Rethinking Pre-K: 5 Ways to Fix Preschool

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This is one of many reasons that Pew is calling for a paradigm shift: stop thinking about public education as K to 12 and start thinking about pre-K to 12. Once considered little more than day care, preschool (or nursery school) is regarded as a crucial beginning to a high-quality education. Part of a natural continuum of learning, these early years are too often separated from kindergarten and elementary school by artificial boundaries. Pew points to few bright spots in which pre-K has been integrated as a fundamental component of the public-education system, with dramatic results. In Kentucky's Whitley County School District, which began offering pre-K to all 4-year-olds in 1996, the program was so successful that by 2005 the district raised its academic standards for first grade because they were being satisfied by so many former pre-K students halfway through kindergarten. Meanwhile, on a national scale, experts know that existing preschool programs need better quality control — Head Start is particularly spotty — and yet preschool has been largely excluded from reform initiatives.

Reality check: Shifting the vernacular from K to 12 to pre-K to 12 shouldn't be too hard. After all, it wasn't all that long ago that K to 12 became a common household phrase. But families won't start thinking about preschool as a crucial part of the educational continuum until their elected officials do.

2. Strategically expand access
Some 27% of 4-year-olds in the U.S. were enrolled in state-funded pre-K programs in the 2009-10 school year. Factor in programs like Head Start, and the total rises to just 40% of 4-year-olds. That's not good enough. And as cash-strapped states start eyeing their already meager preschool funding — only six are serving more than 50% of their 4-year-olds — enrollments are being capped, and thousands of students who qualify based on income or developmental issues are sitting on waiting lists.

But skimping on pre-K budgets is penny-wise and pound-foolish. Economists have found that investing in preschool programs more than pays off in the long run. According to James Heckman, an economics professor and Nobel Laureate at the University of Chicago, pre-K programs for disadvantaged kids have a 7%-to-10% rate of return, which means that for every dollar a state spends on preschool, it will get back $60 to $300 from increased earnings and a decreased need for public services over that child's lifetime. "You can save a lot of money and get a lot better performance by starting early ... rather than putting it off and trying to remediate them later," he tells TIME. "There are real costs in delay." So while Pew isn't pushing for universal pre-K in this economy, it is urging states to expand access to all low-income students as a first step in the hope that eventually any child who wants to attend preschool will be able to.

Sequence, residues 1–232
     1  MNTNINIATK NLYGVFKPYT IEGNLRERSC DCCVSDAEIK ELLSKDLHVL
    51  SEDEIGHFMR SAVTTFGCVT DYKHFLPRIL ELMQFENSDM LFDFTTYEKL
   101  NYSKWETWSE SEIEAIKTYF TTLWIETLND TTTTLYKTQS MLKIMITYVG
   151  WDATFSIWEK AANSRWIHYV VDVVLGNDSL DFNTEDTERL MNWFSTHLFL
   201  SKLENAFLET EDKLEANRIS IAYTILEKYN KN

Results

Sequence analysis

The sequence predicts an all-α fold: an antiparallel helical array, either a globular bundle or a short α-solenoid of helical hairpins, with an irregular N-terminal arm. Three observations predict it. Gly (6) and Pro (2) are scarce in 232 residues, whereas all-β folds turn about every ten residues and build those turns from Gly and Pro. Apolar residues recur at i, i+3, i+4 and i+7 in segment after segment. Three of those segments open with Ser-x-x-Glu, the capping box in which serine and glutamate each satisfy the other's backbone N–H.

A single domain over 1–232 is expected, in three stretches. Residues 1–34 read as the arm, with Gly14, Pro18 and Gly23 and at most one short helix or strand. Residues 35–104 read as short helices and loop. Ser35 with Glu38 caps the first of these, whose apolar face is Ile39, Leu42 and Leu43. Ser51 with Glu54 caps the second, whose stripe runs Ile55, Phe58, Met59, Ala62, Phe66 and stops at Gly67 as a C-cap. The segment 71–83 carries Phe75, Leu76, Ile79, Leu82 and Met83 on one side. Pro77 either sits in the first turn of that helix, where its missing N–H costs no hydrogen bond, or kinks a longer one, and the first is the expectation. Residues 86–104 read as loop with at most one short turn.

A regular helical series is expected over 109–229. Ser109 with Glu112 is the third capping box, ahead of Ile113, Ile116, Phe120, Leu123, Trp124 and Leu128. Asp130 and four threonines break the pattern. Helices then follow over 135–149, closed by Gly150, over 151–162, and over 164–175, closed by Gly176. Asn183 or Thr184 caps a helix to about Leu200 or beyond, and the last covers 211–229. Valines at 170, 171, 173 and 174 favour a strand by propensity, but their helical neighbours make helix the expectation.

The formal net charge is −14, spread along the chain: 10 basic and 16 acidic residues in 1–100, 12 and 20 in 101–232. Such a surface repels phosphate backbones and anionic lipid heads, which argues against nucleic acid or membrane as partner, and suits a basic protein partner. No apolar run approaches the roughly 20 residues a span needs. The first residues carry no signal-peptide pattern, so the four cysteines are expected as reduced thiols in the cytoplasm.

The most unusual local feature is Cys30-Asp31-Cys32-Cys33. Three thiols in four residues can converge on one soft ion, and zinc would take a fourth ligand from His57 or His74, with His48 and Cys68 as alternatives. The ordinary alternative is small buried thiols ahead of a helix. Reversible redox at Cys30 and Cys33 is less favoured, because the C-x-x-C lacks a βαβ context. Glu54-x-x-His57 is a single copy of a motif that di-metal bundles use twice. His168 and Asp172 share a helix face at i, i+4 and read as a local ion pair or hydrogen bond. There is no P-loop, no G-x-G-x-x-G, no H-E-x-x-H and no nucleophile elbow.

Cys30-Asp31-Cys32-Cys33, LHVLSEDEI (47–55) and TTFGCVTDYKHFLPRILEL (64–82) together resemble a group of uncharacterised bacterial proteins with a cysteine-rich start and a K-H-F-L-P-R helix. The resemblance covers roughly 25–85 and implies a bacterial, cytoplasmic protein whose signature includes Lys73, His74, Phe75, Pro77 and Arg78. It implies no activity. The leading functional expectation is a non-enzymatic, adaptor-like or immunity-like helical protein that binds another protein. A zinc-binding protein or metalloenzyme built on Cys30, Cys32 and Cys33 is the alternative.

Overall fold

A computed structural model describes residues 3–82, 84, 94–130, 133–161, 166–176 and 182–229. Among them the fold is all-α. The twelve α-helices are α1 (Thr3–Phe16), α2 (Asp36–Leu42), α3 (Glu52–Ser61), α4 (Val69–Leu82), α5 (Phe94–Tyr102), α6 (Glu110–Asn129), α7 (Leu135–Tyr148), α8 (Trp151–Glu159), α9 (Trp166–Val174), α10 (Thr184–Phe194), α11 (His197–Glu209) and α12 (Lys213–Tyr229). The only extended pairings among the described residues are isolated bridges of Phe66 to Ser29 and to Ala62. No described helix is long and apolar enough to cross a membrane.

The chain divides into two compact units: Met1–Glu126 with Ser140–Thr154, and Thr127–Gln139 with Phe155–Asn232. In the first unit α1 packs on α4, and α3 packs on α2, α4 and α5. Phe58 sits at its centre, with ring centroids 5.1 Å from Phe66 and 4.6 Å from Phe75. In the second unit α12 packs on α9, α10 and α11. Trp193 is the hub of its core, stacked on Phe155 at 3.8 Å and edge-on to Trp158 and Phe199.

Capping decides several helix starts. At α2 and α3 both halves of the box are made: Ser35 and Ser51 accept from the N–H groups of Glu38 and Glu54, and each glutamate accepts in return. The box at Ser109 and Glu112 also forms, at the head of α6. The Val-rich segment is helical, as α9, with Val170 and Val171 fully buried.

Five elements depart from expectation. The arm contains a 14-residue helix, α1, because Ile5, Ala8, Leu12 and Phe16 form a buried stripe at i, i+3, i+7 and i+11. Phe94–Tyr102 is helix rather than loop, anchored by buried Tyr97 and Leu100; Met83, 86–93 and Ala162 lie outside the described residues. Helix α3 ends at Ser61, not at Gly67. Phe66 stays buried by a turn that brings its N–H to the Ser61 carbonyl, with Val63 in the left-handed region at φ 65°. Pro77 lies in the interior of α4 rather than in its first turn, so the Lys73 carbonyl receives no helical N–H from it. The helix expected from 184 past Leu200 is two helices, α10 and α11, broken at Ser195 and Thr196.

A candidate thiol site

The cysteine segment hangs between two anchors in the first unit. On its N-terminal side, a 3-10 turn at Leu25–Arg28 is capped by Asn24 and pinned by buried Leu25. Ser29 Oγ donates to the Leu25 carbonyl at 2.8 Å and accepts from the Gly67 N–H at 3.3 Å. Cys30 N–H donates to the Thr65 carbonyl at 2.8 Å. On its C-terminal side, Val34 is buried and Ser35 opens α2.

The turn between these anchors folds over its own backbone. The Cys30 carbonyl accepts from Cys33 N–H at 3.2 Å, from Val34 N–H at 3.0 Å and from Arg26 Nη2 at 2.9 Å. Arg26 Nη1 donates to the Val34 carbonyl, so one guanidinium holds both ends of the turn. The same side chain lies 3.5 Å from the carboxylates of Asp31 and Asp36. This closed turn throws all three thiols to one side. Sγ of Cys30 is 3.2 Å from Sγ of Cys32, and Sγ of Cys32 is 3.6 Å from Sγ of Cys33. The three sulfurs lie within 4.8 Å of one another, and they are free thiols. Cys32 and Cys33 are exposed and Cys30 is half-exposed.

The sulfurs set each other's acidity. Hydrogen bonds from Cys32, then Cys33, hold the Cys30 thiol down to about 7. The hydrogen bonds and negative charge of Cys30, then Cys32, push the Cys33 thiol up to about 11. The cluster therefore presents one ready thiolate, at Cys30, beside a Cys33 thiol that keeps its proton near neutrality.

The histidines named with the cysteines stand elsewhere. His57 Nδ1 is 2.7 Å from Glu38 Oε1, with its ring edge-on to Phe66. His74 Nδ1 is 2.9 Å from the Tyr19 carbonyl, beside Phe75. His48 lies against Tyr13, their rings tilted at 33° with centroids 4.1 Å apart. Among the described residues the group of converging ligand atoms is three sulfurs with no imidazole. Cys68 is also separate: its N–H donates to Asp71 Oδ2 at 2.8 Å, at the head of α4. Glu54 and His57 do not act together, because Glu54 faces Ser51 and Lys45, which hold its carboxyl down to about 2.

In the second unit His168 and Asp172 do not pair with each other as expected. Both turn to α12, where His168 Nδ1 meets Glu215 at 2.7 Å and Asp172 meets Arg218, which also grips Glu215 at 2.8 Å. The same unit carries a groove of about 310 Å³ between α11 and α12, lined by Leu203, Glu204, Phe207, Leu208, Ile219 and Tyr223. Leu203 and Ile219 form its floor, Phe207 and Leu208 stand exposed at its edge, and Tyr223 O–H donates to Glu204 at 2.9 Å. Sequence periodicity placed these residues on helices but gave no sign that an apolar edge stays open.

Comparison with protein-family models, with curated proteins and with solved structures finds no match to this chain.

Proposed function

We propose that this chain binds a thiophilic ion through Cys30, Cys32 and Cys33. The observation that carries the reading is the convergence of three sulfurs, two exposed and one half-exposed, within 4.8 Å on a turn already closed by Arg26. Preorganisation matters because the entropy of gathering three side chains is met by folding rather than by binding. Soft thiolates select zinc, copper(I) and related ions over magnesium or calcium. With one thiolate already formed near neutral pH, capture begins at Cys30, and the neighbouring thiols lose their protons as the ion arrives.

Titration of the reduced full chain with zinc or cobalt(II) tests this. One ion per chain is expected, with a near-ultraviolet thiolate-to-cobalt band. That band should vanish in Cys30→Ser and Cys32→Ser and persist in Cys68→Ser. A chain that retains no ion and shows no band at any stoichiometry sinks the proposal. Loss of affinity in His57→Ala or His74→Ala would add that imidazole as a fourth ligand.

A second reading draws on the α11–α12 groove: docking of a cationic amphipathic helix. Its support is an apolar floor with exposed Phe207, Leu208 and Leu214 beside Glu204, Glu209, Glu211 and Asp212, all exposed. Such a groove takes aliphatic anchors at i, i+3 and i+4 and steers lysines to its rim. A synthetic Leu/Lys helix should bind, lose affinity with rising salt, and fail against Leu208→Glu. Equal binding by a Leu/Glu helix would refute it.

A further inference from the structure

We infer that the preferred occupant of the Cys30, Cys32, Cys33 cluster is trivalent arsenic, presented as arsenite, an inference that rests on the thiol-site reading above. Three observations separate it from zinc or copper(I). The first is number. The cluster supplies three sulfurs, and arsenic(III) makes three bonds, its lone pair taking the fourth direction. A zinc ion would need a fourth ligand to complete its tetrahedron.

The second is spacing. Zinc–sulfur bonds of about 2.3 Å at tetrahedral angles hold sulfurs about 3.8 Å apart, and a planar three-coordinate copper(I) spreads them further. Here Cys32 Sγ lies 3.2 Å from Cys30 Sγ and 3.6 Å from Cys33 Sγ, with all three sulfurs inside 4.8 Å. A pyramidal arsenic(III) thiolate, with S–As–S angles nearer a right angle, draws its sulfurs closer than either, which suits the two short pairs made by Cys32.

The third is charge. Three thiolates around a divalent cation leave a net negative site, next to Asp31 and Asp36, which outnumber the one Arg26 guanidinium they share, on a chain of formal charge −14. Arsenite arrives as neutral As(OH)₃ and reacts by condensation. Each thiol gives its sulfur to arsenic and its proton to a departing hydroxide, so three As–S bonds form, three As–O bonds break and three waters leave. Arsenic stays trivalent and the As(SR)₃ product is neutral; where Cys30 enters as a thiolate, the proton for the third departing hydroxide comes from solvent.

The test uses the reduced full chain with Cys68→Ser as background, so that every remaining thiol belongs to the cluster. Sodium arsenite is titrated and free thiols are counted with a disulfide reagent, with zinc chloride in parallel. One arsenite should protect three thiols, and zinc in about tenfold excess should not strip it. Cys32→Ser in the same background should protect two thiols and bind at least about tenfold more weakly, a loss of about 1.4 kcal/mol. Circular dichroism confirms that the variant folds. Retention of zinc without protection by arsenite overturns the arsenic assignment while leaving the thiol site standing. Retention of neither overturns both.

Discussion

Reality check: While state funding for preschool programs has more than doubled in the past 10 years to over $5 billion nationwide, the upward trend is beginning to reverse. The 2009-10 school year, the most recent year for which complete data is available, saw total state spending on pre-K decrease for the first time in a decade. "States waited as long as they could," says Ron Haskins, a senior fellow in the economic-studies program and a co-director of the Center on Children and Families at the Brookings Institution. "But after three or four years of serious cuts, they couldn't hold off any longer. Honestly, I'm impressed they waited this long."

3. Bring early-learning initiatives under one roof
Consider, the Pew study tells readers, the scattered system in Alabama, where child care, pre-K and kindergarten are all run by separate departments. It should come as no surprise, then, that early-learning advocates are trying to coordinate efforts and bring everything under one roof. The fractured governance is also exemplified by Head Start. An internal report last year about the preschool program — which is the largest in the U.S. thanks to the more than $7 billion in federal funds it receives each year — found that the program yields no lasting results. The report was devastating, but it was hardly the first time Head Start has been called into question. Conceived as part of President Lyndon B. Johnson's War on Poverty, Head Start is run by the Department of Health and Human Services rather than the Department of Education. It was based on a small, highly successful program in Tennessee but was rapidly scaled up to serve 500,000 3- and 4-year-olds by the fall of 1965. The first review that questioned its effectiveness was published in 1969.

Over the years, there have been calls, most recently during George W. Bush's first term in the White House, to move the program under the domain of the Department of Education. But Brookings' Haskins says that will likely never happen because the program is so firmly embedded in Health and Human Services that moving it may do more harm than good.

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